After studying Chinese, he entered the Yogakko (School of Western Learning) in Kumamoto. He studied under Niijima Jo at Doshisha College in Kyoto, but left school before completing his degree.
In 1881 he returned to Kumamoto and opened a private school. With such men as Yamaji Aizan and Takekoshi Yosaburd on his staff, he also began publication of a magazine called Kokumin no Tomo. In 1890 he founded a newspaper called Kokumin Shimbun and until 1929 continued to act as both president and chief editor of the paper.
In 1896 he accepted an appointment as a councilor to the minister of the interior, but in doing so incurred popular criticism for betraying his earlier democratic principles. In 1898 he suspended publication of Kokumin no Tomo. Meanwhile, the newspaper Kokumin Shimbun had become little more than a voice for the old domain cliques that dominated the government, and its offices were twice attacked and burned by angry mobs of citizens, in 1905 because it supported the government's moderate demands with regard to the Portsmouth Treaty and again in 1913 when popular sentiment was aroused against the Katsura cabinet. The same year, with the death of Katsura Taro, the statesman to whom he had been so closely tied, he withdrew from political life and devoted all his time to writing, particularly works of history.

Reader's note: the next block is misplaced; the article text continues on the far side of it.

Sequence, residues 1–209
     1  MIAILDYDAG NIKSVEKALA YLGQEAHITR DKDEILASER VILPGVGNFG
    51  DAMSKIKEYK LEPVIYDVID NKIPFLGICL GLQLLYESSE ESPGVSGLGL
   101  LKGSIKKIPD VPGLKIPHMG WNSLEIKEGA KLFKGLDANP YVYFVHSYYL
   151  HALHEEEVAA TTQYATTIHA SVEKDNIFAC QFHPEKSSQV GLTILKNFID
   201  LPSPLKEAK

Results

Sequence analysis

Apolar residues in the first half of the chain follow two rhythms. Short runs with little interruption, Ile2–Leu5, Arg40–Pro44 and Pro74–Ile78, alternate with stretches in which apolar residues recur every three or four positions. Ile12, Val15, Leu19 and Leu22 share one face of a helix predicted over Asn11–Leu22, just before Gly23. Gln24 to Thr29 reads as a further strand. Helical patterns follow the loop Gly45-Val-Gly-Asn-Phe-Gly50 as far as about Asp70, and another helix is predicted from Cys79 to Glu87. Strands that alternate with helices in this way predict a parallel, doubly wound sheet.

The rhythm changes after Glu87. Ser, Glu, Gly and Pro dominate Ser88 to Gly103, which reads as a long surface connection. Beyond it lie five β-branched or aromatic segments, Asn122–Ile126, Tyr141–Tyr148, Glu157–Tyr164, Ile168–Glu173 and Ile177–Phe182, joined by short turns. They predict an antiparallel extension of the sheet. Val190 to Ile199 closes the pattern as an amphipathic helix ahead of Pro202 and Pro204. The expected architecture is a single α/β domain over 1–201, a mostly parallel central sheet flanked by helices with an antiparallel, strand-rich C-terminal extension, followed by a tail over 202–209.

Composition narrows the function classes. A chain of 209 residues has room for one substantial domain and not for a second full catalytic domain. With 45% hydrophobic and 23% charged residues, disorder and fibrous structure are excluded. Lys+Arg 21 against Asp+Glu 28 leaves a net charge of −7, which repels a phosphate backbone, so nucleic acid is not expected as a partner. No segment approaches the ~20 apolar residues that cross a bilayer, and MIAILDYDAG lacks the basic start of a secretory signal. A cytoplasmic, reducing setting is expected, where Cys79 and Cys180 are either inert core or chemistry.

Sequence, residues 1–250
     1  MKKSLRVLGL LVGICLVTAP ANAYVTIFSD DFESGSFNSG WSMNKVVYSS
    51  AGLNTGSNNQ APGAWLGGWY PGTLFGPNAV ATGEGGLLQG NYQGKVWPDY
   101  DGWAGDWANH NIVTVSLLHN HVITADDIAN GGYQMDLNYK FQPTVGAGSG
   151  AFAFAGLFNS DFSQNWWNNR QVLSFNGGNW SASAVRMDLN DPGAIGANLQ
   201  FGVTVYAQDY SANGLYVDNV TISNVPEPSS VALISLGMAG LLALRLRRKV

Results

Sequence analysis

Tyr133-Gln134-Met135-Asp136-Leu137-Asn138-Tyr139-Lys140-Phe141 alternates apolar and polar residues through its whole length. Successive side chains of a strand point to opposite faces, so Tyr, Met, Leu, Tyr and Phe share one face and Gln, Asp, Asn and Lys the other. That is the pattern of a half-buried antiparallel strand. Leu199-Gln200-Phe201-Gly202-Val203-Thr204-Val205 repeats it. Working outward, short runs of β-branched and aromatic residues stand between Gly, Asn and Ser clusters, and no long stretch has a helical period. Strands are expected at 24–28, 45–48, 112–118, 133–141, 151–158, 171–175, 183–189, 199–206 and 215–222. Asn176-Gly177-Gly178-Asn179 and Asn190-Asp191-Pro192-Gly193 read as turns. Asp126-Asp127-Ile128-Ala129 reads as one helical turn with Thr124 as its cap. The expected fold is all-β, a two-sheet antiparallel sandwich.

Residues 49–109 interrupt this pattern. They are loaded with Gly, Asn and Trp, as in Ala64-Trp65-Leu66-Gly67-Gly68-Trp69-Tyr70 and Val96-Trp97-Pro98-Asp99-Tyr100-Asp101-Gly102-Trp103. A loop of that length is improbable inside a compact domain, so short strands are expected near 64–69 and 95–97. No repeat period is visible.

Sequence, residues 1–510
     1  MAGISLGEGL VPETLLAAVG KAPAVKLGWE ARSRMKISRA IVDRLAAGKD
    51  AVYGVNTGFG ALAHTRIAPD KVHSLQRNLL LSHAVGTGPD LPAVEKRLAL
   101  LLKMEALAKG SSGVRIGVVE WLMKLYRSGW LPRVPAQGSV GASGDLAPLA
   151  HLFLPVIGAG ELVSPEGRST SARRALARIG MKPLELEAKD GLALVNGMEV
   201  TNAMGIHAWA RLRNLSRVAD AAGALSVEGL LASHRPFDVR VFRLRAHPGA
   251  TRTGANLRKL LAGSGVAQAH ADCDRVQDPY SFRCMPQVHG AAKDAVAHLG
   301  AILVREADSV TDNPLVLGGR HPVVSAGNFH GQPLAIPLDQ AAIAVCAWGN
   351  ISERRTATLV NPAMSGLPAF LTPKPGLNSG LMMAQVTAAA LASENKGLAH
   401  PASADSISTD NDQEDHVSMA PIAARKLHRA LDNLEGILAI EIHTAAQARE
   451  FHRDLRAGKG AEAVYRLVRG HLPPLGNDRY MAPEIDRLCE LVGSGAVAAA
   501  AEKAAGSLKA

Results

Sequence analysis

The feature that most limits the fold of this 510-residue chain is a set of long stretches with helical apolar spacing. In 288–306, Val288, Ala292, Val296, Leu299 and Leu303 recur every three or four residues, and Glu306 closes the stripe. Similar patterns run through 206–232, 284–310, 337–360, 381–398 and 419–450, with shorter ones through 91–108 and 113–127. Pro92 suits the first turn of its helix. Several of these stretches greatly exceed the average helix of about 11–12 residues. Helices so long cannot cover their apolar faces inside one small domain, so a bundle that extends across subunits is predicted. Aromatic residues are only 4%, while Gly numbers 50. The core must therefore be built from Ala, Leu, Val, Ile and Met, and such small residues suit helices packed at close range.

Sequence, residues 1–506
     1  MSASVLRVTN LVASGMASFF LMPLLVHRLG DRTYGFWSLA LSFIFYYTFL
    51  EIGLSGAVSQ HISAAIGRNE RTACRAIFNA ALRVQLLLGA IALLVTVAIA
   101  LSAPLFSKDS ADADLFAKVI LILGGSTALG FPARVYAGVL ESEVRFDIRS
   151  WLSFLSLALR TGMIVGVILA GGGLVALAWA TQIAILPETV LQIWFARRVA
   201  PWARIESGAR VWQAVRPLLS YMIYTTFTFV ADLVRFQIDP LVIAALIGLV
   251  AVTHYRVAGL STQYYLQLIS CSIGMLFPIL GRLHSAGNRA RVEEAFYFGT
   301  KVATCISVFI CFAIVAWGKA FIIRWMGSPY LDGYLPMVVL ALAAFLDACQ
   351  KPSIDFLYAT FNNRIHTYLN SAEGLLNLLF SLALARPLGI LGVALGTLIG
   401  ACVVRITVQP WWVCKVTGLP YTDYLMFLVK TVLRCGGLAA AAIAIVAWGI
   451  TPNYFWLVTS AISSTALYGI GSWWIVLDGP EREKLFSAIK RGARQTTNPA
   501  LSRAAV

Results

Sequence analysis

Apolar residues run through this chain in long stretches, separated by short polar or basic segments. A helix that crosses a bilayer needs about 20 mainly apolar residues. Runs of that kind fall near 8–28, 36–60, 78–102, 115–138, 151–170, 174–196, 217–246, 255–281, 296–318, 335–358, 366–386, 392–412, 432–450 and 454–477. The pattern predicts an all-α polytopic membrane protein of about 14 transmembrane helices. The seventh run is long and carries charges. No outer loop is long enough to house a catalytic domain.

His fifty-volume work entitled Kinsei Nihon kokumin-shi received a Japan Academy prize, and his thinking, which focussed upon loyalty to the imperial house, assured him a position of prominence in intellectual circles in the early Showa and wartime periods. He was given a Cultural Medal in 1943. After the war, he was purged from public life, and renounced all his previous honors and positions, including the seat in the Upper House of the Diet, which he had held since 1911. He was a member of the Japan Art Academy and the author of works running to over three hundred volumes.
He was converted to Christianity by a teacher, a retired American army officer named Lieutenant Janes, and received baptism.
At first he advocated a liberal form of democracy, but after the Triple Intervention of Russia, Germany, and France following the conclusion of the Sino-Japanese War in 1895, he became increasingly nationalistic in outlook.